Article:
Why Yemen

Yemen is the home to some 29 million people. The Yemeni port, Mocha, was once the center of the world’s coffee trade and the first cup of coffee was brewed in Yemen. The country boasts a number of landmarks with cultural and historical importance, some of which have been recognized by UNESCO as World Heritage, including the historic town of Zabid, the old city of Sana’a, old Walled city of Shibam, and the island of Socotra.

Yemen was already considered as one of the poorest countries in the Arab region and, in 2014, an armed conflict began due to a failed political transition. The conflict today includes many players, such as the Houthis, Saudi Arabia, the United Arab Emirates, and more. According to ACLED, over 100,000 people have been killed in Yemen due to war.

The war has created the world’s largest humanitarian crisis in Yemen, as well as the largest outbreak of cholera in modern history. According to the United Nations and Save the Children:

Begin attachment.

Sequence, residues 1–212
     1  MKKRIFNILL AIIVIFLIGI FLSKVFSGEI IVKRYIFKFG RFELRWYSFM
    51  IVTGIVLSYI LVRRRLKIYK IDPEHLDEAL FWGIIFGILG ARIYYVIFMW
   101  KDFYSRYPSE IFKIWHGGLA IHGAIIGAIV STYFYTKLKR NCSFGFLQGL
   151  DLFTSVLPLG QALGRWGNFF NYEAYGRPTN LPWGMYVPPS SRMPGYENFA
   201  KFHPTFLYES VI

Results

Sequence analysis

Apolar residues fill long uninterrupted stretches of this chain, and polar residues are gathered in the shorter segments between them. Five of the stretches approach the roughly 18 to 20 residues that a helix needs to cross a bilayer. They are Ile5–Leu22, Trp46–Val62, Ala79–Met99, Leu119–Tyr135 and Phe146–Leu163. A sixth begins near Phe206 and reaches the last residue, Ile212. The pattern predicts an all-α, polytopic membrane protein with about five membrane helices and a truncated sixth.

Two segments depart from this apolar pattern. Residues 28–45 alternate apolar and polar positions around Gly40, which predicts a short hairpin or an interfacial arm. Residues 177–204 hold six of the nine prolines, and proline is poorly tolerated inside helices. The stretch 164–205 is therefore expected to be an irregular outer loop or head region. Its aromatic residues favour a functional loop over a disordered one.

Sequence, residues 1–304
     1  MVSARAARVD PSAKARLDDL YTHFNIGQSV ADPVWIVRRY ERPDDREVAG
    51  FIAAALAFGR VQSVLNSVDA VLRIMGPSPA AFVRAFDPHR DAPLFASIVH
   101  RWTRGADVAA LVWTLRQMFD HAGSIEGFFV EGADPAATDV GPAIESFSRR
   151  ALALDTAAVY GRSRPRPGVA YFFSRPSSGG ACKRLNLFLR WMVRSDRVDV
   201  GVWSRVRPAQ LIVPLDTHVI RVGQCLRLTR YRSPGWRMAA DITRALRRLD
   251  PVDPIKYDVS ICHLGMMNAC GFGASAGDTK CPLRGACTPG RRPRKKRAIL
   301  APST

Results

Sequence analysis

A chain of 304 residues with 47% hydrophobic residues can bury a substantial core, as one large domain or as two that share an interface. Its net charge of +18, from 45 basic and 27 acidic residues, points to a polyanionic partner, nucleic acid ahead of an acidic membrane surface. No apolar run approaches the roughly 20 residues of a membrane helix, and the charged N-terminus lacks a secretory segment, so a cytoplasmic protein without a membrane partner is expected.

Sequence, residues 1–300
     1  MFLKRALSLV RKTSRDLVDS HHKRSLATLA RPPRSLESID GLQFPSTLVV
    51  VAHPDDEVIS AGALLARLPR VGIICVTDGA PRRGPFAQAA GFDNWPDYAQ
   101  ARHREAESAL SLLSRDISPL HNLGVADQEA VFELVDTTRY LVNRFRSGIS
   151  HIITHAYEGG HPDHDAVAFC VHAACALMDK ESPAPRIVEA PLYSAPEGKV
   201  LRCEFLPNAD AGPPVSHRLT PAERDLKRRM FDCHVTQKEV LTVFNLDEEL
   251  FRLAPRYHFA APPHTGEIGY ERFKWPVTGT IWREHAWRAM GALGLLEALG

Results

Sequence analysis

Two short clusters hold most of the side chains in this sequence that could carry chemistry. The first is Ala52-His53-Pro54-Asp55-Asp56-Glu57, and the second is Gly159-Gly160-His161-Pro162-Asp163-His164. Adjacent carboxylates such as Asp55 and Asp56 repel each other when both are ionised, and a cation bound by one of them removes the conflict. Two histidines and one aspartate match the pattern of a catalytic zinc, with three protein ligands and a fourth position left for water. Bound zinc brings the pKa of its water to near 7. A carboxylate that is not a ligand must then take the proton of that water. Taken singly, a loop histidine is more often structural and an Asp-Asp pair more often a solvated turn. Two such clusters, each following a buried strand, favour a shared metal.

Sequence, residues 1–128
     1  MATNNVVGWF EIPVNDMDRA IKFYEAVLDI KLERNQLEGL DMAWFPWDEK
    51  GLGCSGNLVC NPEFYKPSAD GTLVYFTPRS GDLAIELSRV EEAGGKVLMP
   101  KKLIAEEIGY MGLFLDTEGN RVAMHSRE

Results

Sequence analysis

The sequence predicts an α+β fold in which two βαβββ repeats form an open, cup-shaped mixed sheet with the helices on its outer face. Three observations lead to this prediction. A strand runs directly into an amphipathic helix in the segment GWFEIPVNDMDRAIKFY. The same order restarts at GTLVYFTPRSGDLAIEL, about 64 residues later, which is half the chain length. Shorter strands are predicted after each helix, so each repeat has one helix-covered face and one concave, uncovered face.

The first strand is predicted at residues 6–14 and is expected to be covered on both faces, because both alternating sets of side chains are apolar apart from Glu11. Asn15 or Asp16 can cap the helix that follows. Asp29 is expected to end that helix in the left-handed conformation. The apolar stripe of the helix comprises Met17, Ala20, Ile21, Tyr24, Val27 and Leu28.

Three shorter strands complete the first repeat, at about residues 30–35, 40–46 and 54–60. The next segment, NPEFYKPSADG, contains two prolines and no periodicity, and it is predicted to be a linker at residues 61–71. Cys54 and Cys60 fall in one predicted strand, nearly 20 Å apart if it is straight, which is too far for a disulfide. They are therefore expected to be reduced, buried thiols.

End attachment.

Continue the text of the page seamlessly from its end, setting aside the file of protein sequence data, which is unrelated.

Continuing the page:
• 24.1M people — 80% of the population — are in need of humanitarian aid
  • 20.1M are food insecure
  • 14M people are in acute need
  • 3M people have been displaced
  • 70% of children don’t have access to clean water and sanitation
  • 2M children are out of school
  • 10.3M children don’t have enough food to eat

More recently, COVID-19 reached Yemen. UN findings suggest that 20% of people being treated after becoming infected are dying, compared to the 7% global average. The COVID-19 fatality rate in Yemen is about 5 times the global average, according to the UN. The WHO believes many more people in Yemen are affected by COVID-19 than official reports show.


How to help Yemen


An estimated 24.1M people — the size of Australia — need aid. Your donations can have a huge impact on the lives of Yemenis across the country.


Sign petitions and contact representatives. Follow the Yemen Alliance Committee to stay up to date on ways you can advocate for Yemen. 


Discuss the crisis with others, share articles, and spread awareness about how Yemen is facing the world’s largest humanitarian crisis.

Photos by Rod Waddington, Attribution-ShareAlike 2.0 license. No changes made.